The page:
Yesterday December 4, 2012, the U.S. Senate failed to ratify the Convention on the Rights of Persons with Disabilities by a 2/3 vote. Right wing fundamentalists had opposed the CRPD as a harbinger of world government and challenge to authority of the family, and they won over enough Senators to have their way. On the other hand, a majority of the disability community supported ratification with extensive reservations, understandings and declarations and claimed that ratification would require no change to U.S. law. The Center for the Human Rights of Users and Survivors of Psychiatry (CHRUSP) and other psychiatric survivor groups along with human rights organizations were a “third force” objecting to the RUDs and calling for full adherence and implementation of the treaty as written. We know that U.S. law needs to be changed and we cannot accept the carving out of state guardianship and civil commitment/forced treatment laws that violate the CRPD.
It is an odd situation where a battle is fought for seemingly symbolic reasons on most sides, without acknowledging what is really at stake. The disability groups lobbying for CRPD “as reported,” i.e. with the RUDs, have never made a convincing case for what they really aim to achieve. Is there really a substantial constituency of people with disabilities that believes U.S. ratification is an act of charity and good will towards our counterparts in other countries, to benevolently cooperate in lifting them up to our standards? Do they see some hidden potential in using the treaty, even with RUDs, to improve our own human rights situation in the U.S.? Who benefits from a superficial ratification that makes no commitment to human rights at home? These questions remain unanswered but I have in an earlier blog post voiced my suspicions regarding foreign aid and projects in other countries.
The fundamentalists similarly were unconvincing, saying that CRPD was bad for parents since it incorporated a standard of “best interests of the child.” These groups do not appear to be agitating for removal of the “best interest” standard from U.S. law, and they have not proposed an alternative concept or formulation. The real issue seems to be a fear that human rights treaties will bring about a world government, considered by some Christians to be the work of the Antichrist.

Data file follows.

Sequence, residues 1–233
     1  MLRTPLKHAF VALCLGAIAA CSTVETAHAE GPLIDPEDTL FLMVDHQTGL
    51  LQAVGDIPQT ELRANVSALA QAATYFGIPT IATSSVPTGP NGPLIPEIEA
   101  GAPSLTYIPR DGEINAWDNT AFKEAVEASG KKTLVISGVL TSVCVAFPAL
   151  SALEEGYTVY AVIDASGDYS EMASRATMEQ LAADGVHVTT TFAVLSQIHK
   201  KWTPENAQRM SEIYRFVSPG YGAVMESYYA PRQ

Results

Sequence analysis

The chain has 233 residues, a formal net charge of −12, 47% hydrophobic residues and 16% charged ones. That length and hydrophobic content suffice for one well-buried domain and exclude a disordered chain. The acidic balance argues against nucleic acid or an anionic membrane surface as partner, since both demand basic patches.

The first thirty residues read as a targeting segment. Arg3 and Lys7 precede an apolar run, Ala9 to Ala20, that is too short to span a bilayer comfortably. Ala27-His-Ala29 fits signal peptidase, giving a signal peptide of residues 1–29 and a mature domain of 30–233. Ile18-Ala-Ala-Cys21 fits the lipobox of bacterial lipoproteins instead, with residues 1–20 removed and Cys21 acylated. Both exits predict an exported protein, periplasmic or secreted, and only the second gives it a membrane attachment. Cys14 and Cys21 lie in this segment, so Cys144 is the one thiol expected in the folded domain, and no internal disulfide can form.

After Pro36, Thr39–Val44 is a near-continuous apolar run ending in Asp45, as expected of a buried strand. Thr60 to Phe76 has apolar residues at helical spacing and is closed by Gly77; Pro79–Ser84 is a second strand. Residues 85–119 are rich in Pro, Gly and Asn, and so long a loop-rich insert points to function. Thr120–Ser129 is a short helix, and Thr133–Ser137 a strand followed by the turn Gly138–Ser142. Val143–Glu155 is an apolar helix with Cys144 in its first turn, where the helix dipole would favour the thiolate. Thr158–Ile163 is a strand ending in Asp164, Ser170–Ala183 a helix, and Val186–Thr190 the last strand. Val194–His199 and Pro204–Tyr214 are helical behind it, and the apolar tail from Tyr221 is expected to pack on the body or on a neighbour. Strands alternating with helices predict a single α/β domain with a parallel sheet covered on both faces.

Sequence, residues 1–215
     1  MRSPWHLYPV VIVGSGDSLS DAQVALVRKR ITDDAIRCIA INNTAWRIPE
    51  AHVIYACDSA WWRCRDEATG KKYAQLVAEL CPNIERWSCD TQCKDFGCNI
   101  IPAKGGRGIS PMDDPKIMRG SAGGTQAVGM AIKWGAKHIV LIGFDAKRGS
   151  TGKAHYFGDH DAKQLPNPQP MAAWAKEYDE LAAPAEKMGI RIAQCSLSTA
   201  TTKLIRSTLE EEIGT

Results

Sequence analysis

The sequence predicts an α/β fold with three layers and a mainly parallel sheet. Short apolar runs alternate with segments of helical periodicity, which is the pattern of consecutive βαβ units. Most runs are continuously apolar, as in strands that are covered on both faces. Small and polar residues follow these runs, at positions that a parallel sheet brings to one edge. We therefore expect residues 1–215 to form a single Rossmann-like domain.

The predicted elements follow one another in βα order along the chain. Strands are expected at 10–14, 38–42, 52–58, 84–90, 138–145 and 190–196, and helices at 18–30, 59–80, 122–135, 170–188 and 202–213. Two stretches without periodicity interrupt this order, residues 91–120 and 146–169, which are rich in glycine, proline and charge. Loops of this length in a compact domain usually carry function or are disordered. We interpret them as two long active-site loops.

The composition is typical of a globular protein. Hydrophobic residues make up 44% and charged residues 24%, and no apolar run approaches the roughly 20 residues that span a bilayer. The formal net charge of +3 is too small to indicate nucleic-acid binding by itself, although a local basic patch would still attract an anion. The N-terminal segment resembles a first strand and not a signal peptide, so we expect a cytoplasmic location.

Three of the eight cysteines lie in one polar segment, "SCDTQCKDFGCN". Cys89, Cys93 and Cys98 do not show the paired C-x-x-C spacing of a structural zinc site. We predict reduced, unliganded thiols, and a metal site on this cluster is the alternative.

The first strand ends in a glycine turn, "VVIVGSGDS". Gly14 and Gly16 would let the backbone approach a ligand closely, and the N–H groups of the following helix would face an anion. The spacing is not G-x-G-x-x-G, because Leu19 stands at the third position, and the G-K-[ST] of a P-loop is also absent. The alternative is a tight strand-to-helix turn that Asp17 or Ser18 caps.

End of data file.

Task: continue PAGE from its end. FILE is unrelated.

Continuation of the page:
The CRPD, together with the Convention on the Rights of the Child (which fundamentalist groups have also prevented from being ratified), recognizes that children themselves have human rights including the right to have a say in what happens to them. Children with disabilities are being tortured and abused in all kinds of institutional systems from mental health to residential treatment to juvenile justice to the notorious Rotenberg Center.
The non-psychiatric survivor disability community has a second chance now perhaps, to reassess strategy and approach to human rights, but it does not appear that they are budging from the line that CRPD is only for people with disabilities in other countries and requires no change to U.S. law. That is too bad, because there is a lot for all people with disabilities in this treaty, which goes far beyond the ADA.
As for us, our people – we ourselves – are still being tortured in psychiatric institutions and in outpatient commitment. We are living with the memories and their effects in our lives. There are hardly any places to talk about this and when we do it can be overwhelming and go in a loop of pain that never ends. Like all forms of oppression. The general public everywhere believes that sometimes it’s “necessary” to lock someone up for their own good and for everyone else’s good… (the CRPD forbids this, so it’s even more ironic that fundamentalists latch onto the “best interests of the child” piece). And they believe that there is something wrong and shameful about a person who has been fingered by psychiatry, fingered by their parents or neighbors, as nuts. The social withdrawal IS the shaming and it doesn’t end, society believes its own lies. Untangling this web of pain and abuse is necessary and entails the abolition of legalized force and confinement in psychiatry, as prescribed by the CRPD for all countries.
Please contact CHRUSP firstname.lastname@example.org if you are interested in exploring how to use the human rights framework to abolish forced psychiatry. The CRPD standards live on so long as we fight for them.
Mad Law and Human Rights: An attorney and psychiatric survivor, Tina Minkowitz writes on the new perspectives in human rights law that emerged in the work by users and survivors of psychiatry on the Convention on the Rights of Persons with Disabilities.